Variety of gambling activities from adolescence to age 30 and association with gambling problems: a 15‐year longitudinal study of a general population sample
Variety of gambling activities
Article [Accepted Manuscript]
Is part ofAddiction ; vol. 110, no 12, p. 1985-1993
- Université de Montréal. Faculté des arts et des sciences. École de psychoéducation
- Université de Montréal. Faculté de médecine
- Université de Montréal. Faculté de médecine. Département de psychiatrie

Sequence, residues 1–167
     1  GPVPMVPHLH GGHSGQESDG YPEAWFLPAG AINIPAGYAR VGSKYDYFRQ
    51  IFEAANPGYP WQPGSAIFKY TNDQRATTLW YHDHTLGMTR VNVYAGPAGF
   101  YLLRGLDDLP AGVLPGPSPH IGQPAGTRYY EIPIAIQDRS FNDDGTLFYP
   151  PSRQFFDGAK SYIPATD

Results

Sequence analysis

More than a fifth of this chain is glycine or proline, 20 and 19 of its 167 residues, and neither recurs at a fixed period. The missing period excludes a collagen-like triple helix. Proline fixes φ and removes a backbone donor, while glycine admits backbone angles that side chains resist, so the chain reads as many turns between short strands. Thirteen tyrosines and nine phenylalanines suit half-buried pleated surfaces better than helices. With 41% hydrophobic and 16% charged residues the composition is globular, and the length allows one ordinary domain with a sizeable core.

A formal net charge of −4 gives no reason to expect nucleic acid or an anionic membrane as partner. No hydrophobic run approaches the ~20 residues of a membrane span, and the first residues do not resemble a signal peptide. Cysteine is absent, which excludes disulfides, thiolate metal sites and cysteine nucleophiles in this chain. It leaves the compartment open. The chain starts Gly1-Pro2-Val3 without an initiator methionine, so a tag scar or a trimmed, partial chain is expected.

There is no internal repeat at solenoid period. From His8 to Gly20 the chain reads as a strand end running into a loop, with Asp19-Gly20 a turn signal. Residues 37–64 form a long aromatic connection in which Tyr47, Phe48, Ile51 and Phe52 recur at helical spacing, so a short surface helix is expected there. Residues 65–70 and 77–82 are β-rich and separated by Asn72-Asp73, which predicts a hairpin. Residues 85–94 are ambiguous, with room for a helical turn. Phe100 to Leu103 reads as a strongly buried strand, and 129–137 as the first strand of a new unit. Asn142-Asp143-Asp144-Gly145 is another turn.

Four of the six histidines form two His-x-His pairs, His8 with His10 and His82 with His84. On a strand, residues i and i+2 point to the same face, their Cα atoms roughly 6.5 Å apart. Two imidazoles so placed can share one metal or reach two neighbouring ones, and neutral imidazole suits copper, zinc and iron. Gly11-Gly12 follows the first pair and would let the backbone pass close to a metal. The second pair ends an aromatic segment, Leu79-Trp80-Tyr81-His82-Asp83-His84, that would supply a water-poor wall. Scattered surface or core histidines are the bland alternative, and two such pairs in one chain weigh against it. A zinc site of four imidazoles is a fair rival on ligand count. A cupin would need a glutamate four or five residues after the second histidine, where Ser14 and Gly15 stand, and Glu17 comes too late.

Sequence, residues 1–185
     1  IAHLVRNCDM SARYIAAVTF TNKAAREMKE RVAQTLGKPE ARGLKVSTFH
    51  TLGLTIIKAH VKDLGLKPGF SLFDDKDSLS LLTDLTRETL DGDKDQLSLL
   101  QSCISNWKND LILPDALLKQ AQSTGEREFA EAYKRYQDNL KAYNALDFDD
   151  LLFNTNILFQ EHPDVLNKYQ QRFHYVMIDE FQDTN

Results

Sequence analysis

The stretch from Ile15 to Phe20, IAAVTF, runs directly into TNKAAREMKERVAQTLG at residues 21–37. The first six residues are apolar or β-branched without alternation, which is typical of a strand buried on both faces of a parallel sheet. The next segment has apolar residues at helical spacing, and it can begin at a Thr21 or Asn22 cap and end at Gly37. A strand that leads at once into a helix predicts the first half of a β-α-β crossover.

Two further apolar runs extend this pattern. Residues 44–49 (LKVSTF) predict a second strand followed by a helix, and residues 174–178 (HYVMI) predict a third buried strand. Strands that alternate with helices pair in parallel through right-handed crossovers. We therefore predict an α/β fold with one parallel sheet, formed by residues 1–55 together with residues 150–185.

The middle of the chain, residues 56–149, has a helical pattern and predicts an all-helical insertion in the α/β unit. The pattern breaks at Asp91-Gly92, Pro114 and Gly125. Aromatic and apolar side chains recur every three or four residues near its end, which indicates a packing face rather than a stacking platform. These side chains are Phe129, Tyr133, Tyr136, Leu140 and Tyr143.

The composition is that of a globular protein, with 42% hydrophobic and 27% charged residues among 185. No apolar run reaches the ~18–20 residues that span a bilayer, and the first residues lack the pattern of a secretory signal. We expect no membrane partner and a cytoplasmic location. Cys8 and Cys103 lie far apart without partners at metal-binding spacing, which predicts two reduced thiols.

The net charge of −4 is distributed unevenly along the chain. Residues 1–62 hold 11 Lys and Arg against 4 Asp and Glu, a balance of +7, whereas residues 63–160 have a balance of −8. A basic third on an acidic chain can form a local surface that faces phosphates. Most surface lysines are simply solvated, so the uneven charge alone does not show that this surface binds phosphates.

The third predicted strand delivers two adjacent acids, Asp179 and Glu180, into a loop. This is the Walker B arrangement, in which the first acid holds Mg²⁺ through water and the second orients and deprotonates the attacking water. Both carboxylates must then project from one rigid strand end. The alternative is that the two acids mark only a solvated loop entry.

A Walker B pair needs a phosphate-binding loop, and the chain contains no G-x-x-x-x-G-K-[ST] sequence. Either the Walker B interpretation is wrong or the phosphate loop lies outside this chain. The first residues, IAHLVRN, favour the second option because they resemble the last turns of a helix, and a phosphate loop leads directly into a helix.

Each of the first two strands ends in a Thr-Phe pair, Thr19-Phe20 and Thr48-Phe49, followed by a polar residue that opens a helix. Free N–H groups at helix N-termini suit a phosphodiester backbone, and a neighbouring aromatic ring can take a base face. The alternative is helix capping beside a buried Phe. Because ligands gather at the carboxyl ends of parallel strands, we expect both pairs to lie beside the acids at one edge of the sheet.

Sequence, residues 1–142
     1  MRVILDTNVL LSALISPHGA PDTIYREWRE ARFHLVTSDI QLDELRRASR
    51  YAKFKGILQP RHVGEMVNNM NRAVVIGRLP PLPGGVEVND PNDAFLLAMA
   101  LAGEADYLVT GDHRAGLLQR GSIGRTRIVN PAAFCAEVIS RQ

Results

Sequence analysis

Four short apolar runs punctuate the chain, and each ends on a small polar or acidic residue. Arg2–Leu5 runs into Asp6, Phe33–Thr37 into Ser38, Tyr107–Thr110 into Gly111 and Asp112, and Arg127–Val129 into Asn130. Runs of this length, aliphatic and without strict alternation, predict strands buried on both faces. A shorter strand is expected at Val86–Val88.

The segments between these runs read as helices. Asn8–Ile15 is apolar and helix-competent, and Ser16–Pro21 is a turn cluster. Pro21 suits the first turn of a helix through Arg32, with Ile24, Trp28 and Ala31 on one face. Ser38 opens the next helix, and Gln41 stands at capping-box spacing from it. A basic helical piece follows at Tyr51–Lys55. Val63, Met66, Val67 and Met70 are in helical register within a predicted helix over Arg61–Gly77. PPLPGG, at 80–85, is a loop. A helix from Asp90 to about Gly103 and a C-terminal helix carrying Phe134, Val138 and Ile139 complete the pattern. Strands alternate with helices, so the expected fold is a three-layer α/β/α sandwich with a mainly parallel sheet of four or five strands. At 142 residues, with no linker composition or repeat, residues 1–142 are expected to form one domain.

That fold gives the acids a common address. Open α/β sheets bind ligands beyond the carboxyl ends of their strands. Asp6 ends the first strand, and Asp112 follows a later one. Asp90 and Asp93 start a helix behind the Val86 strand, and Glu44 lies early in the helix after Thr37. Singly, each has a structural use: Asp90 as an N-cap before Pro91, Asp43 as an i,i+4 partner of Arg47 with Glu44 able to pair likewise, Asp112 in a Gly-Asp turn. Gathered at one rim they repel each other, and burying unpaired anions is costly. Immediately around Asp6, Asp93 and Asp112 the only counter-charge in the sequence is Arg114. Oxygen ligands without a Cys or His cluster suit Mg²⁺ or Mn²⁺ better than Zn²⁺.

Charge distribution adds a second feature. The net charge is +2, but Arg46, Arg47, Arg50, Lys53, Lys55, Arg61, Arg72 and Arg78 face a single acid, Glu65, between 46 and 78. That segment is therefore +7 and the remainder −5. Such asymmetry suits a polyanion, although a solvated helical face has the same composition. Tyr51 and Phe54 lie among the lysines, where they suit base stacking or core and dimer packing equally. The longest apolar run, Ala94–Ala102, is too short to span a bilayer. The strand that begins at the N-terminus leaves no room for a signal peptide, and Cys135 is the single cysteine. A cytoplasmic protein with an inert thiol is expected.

Participants A mixed‐gender general population cohort assessed at ages 15 (n = 1882), 22 (n = 1785) and 30 (n = 1358). Measurements Adolescent and adult versions of the South Oaks Gambling Screen (SOGS). Findings Group‐based trajectory analysis identified three distinct trajectories: a late‐onset low trajectory (26.7% of sample) initiating gambling at age 22, an early‐onset low trajectory (64.8% of sample), characterized by one to two different activities from age 15 onwards and a high trajectory (8.4% of sample), with an average of four to five different activities from age 15 to 30. Males (14.2%) were four times more likely to be on a high trajectory than females (3.5%) (P < 0.001). Preferred types of gambling activities were similar across the three trajectories. Participants on a high trajectory reported higher gambling frequency at ages 15 and 30, and were more likely to experience problem gambling at age 30: 3.09 [95% confidence interval (CI) = 1.66, 5.75] and 2.26 (95% CI = 1.27, 4.04) times more, respectively, than late‐onset low and early‐onset low participants, even when socio‐economic status (SES), frequency of gambling and problem gambling in adolescence, gender, age 30 education, SES and frequency of gambling were controlled. Conclusions Engaging in several different types of gambling in early adulthood appears to be a risk factor for emergence of problem gambling.